Tanner Roark, who is set to take the mound Friday against Cincinnati, has given up fewer than three runs in 13 of his 19 starts. (Brian Garfinkel/Getty Images)

In just his second season in the big leagues, Tanner Roark has been one of the most surprising reasons for the Washington Nationals’ success.

He holds a 2.91 ERA, the best of any starting pitcher on the team’s roster. In 1202⁄3 innings pitched, he’s recorded a 1.127 WHIP with 90 strikeouts.

“It’s just all of those weapons,” manager Matt Williams said. “He’s got the ability to change on the fly out there.”

Roark is an unlikely star, given his route to the Nationals. After a 2008 stint with the independent Frontier League’s Southern Illinois Miners, where he had a
21.41 ERA in two games, Roark was drafted by the Texas Rangers in the 25th round. He was traded to the Nationals’ system in 2010, and slowly worked his way up for a shot at pitching at the highest level. Called up in 2013, he’s since delivered with a calm demeanor and steady approach on the mound.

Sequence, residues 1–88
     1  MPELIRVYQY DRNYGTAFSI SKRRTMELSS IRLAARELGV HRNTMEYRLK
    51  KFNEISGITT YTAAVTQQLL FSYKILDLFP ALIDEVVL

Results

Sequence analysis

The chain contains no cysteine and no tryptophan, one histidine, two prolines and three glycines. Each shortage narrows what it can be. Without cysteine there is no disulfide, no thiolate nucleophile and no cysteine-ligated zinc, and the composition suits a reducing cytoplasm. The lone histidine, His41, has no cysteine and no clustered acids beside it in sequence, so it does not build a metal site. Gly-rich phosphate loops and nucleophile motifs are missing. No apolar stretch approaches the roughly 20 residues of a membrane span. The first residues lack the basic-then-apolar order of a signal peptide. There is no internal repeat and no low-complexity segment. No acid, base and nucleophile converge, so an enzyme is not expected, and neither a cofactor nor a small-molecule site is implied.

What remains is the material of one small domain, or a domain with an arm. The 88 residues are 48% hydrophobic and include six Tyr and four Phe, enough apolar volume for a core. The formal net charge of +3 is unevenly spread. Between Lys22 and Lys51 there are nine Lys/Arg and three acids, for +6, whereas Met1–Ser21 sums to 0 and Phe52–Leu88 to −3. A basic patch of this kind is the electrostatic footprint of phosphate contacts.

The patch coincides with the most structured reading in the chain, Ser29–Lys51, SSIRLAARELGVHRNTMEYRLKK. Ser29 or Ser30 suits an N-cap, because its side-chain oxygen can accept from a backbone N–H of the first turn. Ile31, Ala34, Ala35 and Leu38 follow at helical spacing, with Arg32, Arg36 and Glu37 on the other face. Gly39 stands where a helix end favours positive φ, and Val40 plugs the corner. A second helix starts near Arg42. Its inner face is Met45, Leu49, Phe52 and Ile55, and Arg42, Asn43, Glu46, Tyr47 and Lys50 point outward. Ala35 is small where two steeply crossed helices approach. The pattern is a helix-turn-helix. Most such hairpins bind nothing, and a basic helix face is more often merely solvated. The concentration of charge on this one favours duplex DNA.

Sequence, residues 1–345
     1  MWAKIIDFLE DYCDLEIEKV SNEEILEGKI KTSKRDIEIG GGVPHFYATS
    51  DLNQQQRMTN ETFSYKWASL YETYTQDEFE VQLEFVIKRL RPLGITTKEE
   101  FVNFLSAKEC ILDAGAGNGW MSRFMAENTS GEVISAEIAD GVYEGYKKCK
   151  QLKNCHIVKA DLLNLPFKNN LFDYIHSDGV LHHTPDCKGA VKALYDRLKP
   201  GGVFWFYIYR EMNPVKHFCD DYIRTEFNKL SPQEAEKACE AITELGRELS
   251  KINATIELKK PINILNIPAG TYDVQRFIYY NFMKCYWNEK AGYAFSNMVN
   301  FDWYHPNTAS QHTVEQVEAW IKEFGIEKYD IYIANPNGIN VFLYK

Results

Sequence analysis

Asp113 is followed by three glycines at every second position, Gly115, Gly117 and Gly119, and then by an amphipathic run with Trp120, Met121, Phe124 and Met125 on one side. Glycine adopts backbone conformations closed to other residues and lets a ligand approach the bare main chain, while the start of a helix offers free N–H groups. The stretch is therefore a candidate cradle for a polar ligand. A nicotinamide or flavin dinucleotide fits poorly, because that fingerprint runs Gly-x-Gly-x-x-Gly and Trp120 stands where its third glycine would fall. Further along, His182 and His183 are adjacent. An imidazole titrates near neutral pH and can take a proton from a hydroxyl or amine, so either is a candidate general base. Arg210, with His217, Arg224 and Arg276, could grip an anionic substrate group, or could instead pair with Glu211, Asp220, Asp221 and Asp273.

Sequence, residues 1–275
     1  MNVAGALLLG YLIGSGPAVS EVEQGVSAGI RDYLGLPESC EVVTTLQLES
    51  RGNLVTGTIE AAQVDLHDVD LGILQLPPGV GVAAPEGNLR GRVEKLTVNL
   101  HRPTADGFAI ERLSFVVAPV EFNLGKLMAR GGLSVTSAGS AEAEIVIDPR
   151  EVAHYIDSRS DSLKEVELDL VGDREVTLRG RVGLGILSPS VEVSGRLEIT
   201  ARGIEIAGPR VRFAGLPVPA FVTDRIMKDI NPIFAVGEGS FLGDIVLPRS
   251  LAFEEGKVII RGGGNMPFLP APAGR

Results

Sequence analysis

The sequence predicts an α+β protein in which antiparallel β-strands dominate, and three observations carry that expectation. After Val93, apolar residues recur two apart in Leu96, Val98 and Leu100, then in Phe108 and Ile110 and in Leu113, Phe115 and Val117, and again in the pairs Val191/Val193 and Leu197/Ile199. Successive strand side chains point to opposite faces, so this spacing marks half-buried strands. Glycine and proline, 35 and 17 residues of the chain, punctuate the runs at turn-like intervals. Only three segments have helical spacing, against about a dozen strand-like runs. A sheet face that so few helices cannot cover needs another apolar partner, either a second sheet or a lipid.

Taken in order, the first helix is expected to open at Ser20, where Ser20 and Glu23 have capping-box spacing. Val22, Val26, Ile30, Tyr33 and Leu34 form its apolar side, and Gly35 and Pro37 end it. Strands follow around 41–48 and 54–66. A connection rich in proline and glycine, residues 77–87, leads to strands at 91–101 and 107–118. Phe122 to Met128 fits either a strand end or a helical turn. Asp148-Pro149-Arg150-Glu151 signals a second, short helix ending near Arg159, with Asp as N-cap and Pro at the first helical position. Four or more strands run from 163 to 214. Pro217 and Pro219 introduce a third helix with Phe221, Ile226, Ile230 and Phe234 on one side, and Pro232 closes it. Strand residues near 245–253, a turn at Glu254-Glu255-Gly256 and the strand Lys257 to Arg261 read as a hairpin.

Roark is a top 10 player in first-pitch strikes too, according to fangraphs.com. Heading into this weekend’s series against the Cincinnati Reds, Roark ranks eighth, throwing first-pitch strikes at a 66.4 percent clip. The two-seam fastball has been his go-to since he was called up, and he’s been able to locate it superbly, confusing batters into taking the pitch inside the strike zone.

“[My approach is] attack and keep them on the defensive, and myself on the offensive,” Roark said. “Get first-pitch strikes so I can use the slider, change-up or even the fastball again.”

The 27-year-old has been the pride of Wilmington, Ill., a town with a population of less than 6,000 people, since making his Nationals debut. In a cul-de-sac of a local neighborhood, friends and family have gathered to watch the hometown hero pitch on a big-screen television.

And Wilmington has plenty to cheer for. Roark’s given up three or more earned runs in a game in only six of his 19 appearances. As Washington’s fifth starter in the rotation, he rounds out a group that’s among the best in baseball.

“He’s been a rock for us all year long,” relief pitcher Tyler Clippard said. “After watching our rotation this year, I feel we have five No. 1 starters.”

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